“I hope that readers can expect to enjoy themselves, to learn something, to possibly find some fodder for reflection and to come away with some good dinner party anecdotes.”

And while perspectives toward death have often been approached with a timid stagger in the opposite direction, Lovejoy has found that there are many people interested in this kind of subject matter. Even if the idea of death and the confrontation with mortality is one that terrifies the most unflinching person, Rest in Pieces offers a healthy dose of historical facts to appeal to those with a keen interest in past cultural perspectives.

“There’s a sizeable portion of the world with an interest in history, a morbid sense of humor and a willingness to confront mortality — which are probably the required ingredients for reading this book. Having at least two of the three helps,” Lovejoy said.

In fact, what Rest in Pieces does is traces the evolution of cultural attitudes toward death and further connects the lives of famous deceased to the hilarious and horrifying adventures of their corpses.

But even with our death denying culture, the topic of death over the years has only grown to become a more mainstream discussion with the likes of Caitlin Doughty of The Order of the Good Death, Joanna Ebenstein of Morbid Anatomy and Katherine Crouch of Morbid Curiosity, among many others.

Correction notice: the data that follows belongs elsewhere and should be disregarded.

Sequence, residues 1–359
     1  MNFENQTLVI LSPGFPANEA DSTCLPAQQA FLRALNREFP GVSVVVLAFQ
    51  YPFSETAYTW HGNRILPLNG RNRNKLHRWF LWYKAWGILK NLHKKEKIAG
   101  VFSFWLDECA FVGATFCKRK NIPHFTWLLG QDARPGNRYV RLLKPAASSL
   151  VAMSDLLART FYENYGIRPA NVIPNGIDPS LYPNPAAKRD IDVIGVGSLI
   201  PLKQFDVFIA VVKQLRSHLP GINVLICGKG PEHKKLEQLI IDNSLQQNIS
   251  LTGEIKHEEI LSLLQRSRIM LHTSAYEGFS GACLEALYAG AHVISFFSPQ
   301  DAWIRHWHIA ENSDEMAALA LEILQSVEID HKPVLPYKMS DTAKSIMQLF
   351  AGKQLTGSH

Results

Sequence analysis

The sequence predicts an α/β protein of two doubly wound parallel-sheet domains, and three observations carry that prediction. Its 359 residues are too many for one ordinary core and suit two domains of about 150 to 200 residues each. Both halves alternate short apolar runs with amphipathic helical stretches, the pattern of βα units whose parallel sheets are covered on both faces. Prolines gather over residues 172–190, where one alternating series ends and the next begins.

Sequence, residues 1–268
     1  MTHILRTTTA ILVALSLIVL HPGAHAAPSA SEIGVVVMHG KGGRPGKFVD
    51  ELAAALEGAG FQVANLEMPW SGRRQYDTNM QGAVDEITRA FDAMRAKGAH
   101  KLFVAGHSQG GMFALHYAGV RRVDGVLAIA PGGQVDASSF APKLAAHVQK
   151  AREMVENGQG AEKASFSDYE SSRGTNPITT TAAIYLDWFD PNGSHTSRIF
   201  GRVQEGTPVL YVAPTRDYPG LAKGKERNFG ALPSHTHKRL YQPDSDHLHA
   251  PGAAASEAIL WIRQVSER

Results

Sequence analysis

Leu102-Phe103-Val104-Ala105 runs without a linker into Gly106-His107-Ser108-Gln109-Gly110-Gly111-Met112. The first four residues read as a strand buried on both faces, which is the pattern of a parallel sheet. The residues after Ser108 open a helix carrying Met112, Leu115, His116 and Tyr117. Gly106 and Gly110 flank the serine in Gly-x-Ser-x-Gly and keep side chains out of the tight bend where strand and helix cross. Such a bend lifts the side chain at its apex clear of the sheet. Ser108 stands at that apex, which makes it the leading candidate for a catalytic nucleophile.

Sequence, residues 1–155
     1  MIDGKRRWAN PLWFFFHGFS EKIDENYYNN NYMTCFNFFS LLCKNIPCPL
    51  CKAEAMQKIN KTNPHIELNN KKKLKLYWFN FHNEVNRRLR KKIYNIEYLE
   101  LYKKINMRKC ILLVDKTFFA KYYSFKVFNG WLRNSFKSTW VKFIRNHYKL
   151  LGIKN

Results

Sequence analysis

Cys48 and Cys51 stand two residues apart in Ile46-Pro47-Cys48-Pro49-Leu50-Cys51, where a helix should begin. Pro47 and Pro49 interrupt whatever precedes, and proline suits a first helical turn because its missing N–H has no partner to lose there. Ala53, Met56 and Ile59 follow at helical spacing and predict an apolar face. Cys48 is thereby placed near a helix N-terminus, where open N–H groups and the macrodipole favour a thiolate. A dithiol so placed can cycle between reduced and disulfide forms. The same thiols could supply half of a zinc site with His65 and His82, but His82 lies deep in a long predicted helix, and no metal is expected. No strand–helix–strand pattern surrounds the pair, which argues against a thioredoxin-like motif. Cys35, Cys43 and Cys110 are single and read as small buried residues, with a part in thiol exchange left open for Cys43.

“Cultural attitudes toward death ebb and flow constantly,” Lovejoy explained, “but it does seem that over the past few decades there has been more willingness to explore the topic. I know that for some academics in this area, that issue of death can even be considered a taboo is an open question. I often tend to think about generational shifts, and I think that once the boomers started dying off they invigorated new ways of approaching this topic. Now their children — with all of our fabulous access to social media — are once again broadening the discussion. I’m so thankful for the work that Caitlin, Joanna and Katherine and others are doing.”

With the conversation of death finding wider recognition, Rest in Pieces: The Curious Fates of Famous Corpses offers its own means of easing the conversation with a unique glimpse into the post-mortem journeys many famous individuals have embarked upon over the years. With its March 12, 2013, release, Rest in Pieces is available for purchase at your local book retailer.

To learn more about the book, please visit the website http://pages.simonandschuster.com/rest-in-pieces or visit Bess Lovejoy’s website http://besslovejoy.com/.

Fans of Rest in Pieces can also follow Lovejoy’s twitter: @besslovejoy.

Bess Lovejoy is a writer, researcher, and editor based in Seattle. She worked on the Schott’s Almanac series for five years, and her writing has also appeared in The New York Times, The Believer, The Boston Globe, and elsewhere.